As a child living in the islands finding coral on the beach was my weekly goal. Forays in glass bottom boats to see coral and sea creatures such as urchins and sting rays was always on top of my list to things to do. I was never bored by going over and over, as the sea is forever changing.
When I was about to turn 10 years old my request was for a pair of peachy pink coral earrings. Tiny, smaller then a pencil eraser, I proudly showed them to anyone and everyone. Today, I would ponder before purchasing pink, black, golden, or red coral jewelery unless it was an antique.
Corals are among the most important animals in the ocean. They provide marine life with food, safe havens from predators and areas for reproduction, in addition to the other multitude of roles they play in the daily existence of millions of people around the world. More than 5,000 coral species (hard and soft corals) can be found in shallow and deep ocean waters.
As slow-growing organisms, corals often take years, decades or even centuries to recover from a disturbance, further intensifying the effects of environmental or human-induced impacts.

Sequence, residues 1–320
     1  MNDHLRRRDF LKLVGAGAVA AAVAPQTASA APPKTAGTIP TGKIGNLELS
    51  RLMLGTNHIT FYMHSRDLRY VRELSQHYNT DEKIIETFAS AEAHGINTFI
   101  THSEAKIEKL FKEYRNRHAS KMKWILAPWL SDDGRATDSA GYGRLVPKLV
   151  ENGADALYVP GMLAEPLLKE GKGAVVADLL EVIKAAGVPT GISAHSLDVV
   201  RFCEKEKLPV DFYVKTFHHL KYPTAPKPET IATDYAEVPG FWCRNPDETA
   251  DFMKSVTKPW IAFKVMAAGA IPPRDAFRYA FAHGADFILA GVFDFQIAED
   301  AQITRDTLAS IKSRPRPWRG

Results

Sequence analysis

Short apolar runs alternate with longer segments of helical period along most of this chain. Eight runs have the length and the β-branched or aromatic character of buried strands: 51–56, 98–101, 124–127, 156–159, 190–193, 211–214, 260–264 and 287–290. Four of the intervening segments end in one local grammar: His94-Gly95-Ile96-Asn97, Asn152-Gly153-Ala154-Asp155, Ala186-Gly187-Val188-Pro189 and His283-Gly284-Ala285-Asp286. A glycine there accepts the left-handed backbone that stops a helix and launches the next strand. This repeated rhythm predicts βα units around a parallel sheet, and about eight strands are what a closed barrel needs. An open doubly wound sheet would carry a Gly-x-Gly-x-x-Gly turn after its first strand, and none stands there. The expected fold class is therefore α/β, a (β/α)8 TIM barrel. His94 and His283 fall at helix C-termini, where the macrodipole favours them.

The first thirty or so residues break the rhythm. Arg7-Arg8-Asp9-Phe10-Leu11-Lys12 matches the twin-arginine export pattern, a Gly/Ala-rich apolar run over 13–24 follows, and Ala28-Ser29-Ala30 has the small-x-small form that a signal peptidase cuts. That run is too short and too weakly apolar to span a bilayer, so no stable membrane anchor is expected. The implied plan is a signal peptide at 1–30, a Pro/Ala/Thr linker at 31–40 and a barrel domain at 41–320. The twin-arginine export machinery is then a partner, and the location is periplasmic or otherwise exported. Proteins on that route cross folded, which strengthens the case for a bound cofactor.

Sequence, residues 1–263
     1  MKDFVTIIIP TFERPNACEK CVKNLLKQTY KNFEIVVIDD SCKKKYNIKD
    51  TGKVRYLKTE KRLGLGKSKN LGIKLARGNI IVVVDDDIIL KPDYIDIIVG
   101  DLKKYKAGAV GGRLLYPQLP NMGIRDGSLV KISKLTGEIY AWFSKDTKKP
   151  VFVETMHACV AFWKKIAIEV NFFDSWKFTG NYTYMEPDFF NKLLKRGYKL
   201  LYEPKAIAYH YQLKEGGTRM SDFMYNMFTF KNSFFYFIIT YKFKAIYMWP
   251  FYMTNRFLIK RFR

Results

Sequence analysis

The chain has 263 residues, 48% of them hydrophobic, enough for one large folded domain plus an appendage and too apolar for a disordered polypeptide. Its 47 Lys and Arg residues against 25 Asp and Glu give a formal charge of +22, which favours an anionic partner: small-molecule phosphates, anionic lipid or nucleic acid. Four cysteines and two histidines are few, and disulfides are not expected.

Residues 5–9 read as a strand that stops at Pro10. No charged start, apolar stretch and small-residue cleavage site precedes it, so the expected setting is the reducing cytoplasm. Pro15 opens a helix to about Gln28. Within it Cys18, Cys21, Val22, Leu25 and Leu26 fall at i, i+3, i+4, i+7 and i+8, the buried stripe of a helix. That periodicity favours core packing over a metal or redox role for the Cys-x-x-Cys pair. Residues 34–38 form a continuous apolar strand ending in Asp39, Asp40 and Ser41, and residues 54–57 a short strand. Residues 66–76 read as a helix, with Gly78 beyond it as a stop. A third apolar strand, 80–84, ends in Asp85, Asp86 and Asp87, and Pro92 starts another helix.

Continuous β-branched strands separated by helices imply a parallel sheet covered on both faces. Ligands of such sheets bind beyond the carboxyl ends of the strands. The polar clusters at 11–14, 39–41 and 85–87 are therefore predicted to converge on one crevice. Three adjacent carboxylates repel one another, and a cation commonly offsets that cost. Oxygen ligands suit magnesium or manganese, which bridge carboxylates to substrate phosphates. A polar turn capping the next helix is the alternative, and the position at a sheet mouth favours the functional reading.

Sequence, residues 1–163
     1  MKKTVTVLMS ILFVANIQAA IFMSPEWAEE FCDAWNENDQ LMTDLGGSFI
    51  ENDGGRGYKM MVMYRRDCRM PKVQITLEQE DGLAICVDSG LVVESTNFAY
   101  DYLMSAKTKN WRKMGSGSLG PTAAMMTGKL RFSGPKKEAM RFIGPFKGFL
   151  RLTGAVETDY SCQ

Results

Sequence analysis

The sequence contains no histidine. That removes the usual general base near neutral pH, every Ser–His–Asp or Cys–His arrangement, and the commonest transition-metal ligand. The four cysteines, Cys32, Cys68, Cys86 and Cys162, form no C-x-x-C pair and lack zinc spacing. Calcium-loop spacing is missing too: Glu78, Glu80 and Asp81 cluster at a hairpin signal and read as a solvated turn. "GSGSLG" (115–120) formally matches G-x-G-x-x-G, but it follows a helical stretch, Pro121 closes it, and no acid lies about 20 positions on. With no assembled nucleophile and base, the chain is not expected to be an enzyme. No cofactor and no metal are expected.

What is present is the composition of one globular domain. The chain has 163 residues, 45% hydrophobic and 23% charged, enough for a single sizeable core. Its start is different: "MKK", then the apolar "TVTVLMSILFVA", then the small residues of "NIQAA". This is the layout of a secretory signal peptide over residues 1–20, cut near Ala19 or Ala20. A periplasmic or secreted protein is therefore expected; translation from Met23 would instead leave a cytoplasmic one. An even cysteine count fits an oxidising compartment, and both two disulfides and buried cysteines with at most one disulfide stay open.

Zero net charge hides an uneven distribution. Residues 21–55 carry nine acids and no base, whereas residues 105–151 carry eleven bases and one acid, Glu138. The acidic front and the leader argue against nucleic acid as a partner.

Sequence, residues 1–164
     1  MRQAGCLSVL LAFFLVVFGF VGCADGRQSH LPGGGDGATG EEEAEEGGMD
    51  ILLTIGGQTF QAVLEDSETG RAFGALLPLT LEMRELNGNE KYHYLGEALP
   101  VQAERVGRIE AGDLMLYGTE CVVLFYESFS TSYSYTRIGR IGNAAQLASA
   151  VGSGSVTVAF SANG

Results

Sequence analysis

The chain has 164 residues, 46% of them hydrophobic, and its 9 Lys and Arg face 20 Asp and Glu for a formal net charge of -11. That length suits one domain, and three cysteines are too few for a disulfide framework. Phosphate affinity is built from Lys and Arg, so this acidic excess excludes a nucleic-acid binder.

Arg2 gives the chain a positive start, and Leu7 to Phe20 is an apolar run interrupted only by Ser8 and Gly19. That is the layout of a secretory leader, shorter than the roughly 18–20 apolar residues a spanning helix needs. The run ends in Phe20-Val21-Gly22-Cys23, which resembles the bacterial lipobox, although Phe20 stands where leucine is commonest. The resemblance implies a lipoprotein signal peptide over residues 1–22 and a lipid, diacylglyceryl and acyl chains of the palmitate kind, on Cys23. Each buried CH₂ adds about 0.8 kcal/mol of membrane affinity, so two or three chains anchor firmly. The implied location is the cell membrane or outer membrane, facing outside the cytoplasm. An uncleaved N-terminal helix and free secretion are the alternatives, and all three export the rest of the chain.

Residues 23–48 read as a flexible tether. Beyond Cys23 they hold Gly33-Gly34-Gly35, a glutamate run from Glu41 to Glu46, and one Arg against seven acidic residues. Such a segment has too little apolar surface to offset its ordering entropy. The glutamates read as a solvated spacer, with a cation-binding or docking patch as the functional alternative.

The map above shows the worlds reefs at risk. Click to enlarge.
Today, coral reefs around the world are endangered. In the Philippines alone more then 70% of the corals have been destroyed. Deep-sea corals are also under threat from ocean acidification and destructive fishing practices. Of particular note in the deep sea are the red, pink, black corals, where the biggest threat is extraction to meet consumer demand for jewelry and other decorative objects.
A campaign Too precious to wear has been started in an effort to reduce consumer demand for red and pink corals.
We must be more careful to preserve these wonders before all that is left are the pieces from old collections found on the beaches long ago.
In paying homage to coral using these photos I did my best with hammer in hand to create one of kind forks with "branch coral" designs.
Read more about coral conservation by visiting these links.